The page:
These 5 augmented reality apps show the future of the iPhone

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These 5 augmented reality apps show the future of the iPhone

The next version of iOS will bring augmented reality to the masses through a software package called ARKit. As the following demos show, this will turn the iPhone into a window of a new world filled with people, objects and dreams that seemingly coexist with the real world.

TechCrunch got an early look at some of the apps developers built using ARKit. They’re impressive: Ikea furniture appears in your room, a very hungry caterpillar comes to life and walkers from The Walking Dead can be killed with AR weapons.

Apple is not alone in this quest. Google just announced its version of ARKit that will allow Android phones in on the fun, too.



What it does: Allows you to place actual size replicas of IKEA sofas and armchairs into your house. 2,000 items will be available at launch.



How it works: You tap on a catalog that lets you search and select items. You tap once to have it hover over your floor, rotate with a finger and tap again to place. The colors and textures are accurately represented and these are fully re-worked 3D models from IKEA’s 3D scans used for its catalogs. It looks and works great, just as you’d expect. IKEA Leader of Digital Transformation Michael Valdsgaard says that it took them about 7 weeks or so, beginning slightly before Apple’s announcement of ARKit, to implement the mode. It will be exclusive to iOS for now because it’s the largest single target of AR capable devices. We asked Valdsgaard how long it took to get a first version up and running and he said just a couple of weeks. This has been a holy grail for furniture and home goods manufacturers and sales apps for what seems like forever, and it’s here.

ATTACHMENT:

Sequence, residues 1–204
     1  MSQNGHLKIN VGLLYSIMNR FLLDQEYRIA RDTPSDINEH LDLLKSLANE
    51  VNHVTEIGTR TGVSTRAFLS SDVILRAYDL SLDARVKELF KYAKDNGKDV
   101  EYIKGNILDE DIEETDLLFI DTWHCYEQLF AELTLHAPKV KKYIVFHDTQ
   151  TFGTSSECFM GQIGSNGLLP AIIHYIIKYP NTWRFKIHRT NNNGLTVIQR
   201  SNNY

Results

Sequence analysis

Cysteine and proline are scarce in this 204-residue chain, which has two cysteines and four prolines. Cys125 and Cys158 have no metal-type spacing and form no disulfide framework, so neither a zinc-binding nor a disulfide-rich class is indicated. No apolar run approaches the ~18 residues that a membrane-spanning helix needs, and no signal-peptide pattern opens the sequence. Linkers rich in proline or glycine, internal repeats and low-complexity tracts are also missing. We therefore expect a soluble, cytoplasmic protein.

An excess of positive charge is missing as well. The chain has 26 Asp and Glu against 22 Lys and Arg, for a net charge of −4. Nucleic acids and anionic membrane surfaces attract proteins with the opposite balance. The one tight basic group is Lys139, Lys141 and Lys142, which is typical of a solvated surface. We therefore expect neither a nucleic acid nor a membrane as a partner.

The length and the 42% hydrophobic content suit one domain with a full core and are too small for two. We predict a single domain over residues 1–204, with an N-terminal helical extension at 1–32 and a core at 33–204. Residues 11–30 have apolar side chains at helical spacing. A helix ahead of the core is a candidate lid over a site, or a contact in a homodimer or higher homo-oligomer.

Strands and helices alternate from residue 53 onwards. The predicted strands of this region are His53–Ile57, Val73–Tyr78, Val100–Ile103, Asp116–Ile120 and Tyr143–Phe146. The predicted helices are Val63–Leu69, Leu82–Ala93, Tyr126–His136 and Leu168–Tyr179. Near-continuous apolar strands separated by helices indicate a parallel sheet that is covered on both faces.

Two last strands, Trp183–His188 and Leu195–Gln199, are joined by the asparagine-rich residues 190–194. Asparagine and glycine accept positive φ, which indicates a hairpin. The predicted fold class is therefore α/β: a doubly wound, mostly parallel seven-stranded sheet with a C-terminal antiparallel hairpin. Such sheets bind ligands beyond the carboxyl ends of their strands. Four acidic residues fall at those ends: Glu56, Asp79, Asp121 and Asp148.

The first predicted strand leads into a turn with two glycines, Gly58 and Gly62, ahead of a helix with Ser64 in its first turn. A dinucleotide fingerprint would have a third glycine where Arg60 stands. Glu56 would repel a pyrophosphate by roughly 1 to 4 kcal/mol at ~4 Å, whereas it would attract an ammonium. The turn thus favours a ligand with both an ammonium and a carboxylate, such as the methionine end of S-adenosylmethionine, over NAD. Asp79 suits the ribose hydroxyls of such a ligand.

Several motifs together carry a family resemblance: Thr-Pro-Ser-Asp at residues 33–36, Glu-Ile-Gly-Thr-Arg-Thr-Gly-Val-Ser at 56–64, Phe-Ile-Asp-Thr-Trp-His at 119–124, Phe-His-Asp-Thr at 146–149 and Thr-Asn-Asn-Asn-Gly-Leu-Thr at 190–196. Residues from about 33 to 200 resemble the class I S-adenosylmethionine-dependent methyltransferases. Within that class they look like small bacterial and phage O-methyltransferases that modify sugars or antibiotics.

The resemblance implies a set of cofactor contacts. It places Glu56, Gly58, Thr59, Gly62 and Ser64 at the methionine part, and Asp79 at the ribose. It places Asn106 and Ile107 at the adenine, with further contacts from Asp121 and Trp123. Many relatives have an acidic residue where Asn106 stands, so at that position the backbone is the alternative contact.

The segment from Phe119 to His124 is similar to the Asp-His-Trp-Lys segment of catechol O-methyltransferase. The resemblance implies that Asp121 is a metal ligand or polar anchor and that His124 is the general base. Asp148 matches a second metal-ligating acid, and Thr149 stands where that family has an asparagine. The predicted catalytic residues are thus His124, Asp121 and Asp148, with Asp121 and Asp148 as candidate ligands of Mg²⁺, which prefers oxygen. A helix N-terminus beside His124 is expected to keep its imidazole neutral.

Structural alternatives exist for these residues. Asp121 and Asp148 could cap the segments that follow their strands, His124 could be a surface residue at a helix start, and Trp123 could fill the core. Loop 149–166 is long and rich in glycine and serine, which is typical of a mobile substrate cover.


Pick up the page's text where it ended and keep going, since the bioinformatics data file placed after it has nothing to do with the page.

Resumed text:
Arise Demo Photo

What it does: It’s a game from Climax Studios that places a (scalable) 3D world full of crumbling ruins onto your tabletop that you help your character navigate through without any traditional controls.



How it works: You look through your device like a viewport and align the perspective of the various pathways to allow your character to progress. There are no on-screen controls at all, which is a veryinteresting trend. Climax CEO Simon Gardner says that translating the game into AR was attractive to the studio (which has been around for 30 years) was the potentially huge install base of ARKit. They’re able to target hundreds of millions of potential customers by implementing a new technology, which is not the typical scenario where you start at effectively zero. The experience was also highly mobile, requiring that you move around the scenes to complete them. Some AR experiences may very well be limited in their use or adoption because many people use phones in places where they are required to be stationary.



What it does: Allows you to place gifs in 3D space, share videos of them or even share the whole 3D scene in AR with friends who have the app. They can then add, remix and re-share new instances of the scene. As many people as you want can collaborate on the space.